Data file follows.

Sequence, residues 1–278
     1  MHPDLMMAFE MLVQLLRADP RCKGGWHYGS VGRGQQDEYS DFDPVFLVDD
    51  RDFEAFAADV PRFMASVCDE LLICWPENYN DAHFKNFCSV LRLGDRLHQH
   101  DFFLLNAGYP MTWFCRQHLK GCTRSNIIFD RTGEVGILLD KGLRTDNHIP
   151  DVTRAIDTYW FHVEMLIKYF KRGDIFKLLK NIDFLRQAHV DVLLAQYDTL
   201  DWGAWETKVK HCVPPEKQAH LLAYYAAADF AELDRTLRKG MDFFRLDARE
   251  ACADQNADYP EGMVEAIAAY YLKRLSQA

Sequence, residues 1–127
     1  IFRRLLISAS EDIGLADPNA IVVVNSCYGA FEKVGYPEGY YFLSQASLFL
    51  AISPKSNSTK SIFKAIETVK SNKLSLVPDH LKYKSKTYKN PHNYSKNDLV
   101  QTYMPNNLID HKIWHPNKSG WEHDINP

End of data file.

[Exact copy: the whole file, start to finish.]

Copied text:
Sequence, residues 1–278
     1  MHPDLMMAFE MLVQLLRADP RCKGGWHYGS VGRGQQDEYS DFDPVFLVDD
    51  RDFEAFAADV PRFMASVCDE LLICWPENYN DAHFKNFCSV LRLGDRLHQH
   101  DFFLLNAGYP MTWFCRQHLK GCTRSNIIFD RTGEVGILLD KGLRTDNHIP
   151  DVTRAIDTYW FHVEMLIKYF KRGDIFKLLK NIDFLRQAHV DVLLAQYDTL
   201  DWGAWETKVK HCVPPEKQAH LLAYYAAADF AELDRTLRKG MDFFRLDARE
   251  ACADQNADYP EGMVEAIAAY YLKRLSQA

Sequence, residues 1–127
     1  IFRRLLISAS EDIGLADPNA IVVVNSCYGA FEKVGYPEGY YFLSQASLFL
    51  AISPKSNSTK SIFKAIETVK SNKLSLVPDH LKYKSKTYKN PHNYSKNDLV
   101  QTYMPNNLID HKIWHPNKSG WEHDINP